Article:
To make matters worse Alphin is not even subtle about it, from beginning to end, Elaine Marie Alphin’s book takes every opportunity to engage in loathsome race baiting, trolling, hypocritical racism and play countless unsubstantiated odd wild-cards from the racecard deck. You can’t help but feel nausea as you turn the leaves of this “high-production” value book, with each and every weirdo race obsessed admonishment she uncouthly squeezes and jams into the paragraphs of this culture-war Jewish-Gentile racial propaganda book.

From the European-American perspective, this book reads like the subtle instigation of that eternal war of revenge that has been tightly cycling through and between tribes of people throughout history and as a result Alphin has turned the Leo Frank case into a 100 year culture war between Jews and Gentiles.

Famosus Libellus: Blood Libel Smears Against Everyone Not on the Side of Leo Frank

In the 100 year tradition of the Frankite Smear Mongers, Elaine Marie Alphin in her book basically perpetuates the worst kind of blood libel and racist slander possible against Southerners, Georgians, European-Americans, Christians, local newspapers and Atlantian Police detectives – the Latin phrase famosus libellus means a libelous writing.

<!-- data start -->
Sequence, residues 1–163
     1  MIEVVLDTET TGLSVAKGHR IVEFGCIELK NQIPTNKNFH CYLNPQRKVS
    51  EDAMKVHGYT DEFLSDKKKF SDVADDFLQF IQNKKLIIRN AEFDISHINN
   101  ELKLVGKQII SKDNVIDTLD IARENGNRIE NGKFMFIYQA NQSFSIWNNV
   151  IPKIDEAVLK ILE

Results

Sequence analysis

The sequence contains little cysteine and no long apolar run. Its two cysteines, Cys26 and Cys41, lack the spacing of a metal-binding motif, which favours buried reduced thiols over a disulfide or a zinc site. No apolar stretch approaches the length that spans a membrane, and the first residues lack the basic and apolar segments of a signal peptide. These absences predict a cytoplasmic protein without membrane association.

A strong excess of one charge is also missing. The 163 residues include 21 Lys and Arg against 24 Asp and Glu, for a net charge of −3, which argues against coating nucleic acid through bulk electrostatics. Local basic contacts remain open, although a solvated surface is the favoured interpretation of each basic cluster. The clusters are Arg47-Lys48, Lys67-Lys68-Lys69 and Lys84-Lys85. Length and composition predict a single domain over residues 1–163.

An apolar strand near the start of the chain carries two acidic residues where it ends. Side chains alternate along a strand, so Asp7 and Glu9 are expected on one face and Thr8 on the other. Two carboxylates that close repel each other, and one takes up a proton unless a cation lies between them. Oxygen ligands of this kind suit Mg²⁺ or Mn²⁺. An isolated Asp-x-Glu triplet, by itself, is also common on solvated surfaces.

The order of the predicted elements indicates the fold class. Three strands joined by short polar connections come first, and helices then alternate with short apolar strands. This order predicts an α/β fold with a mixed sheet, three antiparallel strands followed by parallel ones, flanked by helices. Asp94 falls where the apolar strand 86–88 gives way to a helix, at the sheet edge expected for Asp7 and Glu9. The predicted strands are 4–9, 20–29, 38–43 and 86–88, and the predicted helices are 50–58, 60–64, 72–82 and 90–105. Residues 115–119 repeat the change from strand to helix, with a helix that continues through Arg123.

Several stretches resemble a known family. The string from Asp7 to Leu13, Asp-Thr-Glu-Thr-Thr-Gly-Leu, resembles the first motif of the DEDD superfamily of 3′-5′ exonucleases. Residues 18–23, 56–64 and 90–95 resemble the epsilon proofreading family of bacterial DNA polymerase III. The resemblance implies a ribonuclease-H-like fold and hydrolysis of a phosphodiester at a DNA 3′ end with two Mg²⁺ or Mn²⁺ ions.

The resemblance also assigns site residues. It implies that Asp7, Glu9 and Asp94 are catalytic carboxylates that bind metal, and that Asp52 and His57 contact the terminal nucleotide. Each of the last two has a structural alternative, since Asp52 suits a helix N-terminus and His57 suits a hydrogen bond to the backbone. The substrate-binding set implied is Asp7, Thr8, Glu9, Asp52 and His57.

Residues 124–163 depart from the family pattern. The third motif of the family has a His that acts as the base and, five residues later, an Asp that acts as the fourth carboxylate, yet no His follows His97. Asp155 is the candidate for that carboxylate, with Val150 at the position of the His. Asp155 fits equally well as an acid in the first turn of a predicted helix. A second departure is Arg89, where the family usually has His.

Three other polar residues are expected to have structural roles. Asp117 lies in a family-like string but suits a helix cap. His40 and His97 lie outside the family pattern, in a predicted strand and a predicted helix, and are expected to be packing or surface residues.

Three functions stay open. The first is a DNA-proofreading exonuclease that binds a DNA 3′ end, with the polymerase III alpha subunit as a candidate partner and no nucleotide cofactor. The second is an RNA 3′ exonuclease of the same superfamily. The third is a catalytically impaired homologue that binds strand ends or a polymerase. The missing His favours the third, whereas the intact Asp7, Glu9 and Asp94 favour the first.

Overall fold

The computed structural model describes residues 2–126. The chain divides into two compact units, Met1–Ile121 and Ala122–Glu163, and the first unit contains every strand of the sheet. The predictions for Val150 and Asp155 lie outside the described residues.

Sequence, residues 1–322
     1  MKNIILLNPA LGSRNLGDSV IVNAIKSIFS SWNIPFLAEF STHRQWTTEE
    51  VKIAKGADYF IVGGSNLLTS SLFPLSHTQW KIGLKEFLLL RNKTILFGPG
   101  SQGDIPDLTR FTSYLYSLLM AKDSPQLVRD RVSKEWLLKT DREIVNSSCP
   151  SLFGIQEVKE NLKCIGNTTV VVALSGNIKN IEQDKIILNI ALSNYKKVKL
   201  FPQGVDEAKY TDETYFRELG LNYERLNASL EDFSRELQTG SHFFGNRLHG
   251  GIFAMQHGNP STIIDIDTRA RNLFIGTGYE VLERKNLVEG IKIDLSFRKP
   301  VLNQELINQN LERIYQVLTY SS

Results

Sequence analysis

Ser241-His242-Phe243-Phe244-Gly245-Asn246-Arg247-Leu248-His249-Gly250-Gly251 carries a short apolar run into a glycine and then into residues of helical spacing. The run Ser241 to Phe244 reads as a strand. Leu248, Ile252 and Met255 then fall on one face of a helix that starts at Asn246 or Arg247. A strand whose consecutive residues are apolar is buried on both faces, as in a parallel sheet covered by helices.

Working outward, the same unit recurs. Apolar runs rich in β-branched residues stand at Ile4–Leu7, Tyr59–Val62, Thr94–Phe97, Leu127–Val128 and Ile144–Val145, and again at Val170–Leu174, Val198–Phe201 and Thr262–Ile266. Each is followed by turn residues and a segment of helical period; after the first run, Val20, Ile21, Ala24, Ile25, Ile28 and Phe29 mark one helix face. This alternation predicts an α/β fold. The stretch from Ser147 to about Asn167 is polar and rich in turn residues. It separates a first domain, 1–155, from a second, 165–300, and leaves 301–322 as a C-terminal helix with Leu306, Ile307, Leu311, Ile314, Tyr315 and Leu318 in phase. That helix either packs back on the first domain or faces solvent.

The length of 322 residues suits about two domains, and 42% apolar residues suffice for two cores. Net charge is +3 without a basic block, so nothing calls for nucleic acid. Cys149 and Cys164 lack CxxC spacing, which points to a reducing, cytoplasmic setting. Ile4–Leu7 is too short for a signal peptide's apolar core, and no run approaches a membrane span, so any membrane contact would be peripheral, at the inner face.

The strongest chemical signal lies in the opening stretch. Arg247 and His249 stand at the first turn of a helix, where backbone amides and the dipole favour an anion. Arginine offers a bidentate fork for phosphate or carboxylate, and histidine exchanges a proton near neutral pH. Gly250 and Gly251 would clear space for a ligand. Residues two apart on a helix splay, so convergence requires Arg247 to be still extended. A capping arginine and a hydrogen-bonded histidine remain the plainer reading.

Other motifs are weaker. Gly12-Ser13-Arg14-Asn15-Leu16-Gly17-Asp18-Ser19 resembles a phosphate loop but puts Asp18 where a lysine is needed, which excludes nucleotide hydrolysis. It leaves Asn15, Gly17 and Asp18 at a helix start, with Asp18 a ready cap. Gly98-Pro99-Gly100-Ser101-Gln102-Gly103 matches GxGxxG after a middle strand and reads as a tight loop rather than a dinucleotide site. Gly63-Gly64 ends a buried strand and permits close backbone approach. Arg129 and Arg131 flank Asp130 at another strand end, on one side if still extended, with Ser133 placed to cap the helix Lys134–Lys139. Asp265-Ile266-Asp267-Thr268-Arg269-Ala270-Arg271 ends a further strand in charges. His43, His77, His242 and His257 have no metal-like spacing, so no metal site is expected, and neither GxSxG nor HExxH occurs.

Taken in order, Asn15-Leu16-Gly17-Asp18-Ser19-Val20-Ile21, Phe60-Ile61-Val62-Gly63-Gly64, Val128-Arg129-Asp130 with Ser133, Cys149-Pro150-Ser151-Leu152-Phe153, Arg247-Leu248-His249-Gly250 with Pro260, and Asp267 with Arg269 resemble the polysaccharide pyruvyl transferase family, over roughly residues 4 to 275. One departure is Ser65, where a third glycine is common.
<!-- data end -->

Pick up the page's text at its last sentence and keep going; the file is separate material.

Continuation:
Alphin suggests the Police suspected, railroaded, and framed Leo Frank because of anti-semitic and regional bigotry at the time, and the immediate emergence of Leo Frank into the status of prime suspect was catalyzed by the “media frenzy” which impelled the Police to do so (Elaine Marie Alphin WWW, Feb. 2011). Her statements suggest the Leo Frank case was a state sponsored antisemitic railroading, framing and murder supported by the general culture at the time, because Leo Frank was a Northern Jew crucified on a tree at the blind hands of regional and racial prejudices.

Evidence, Not Racism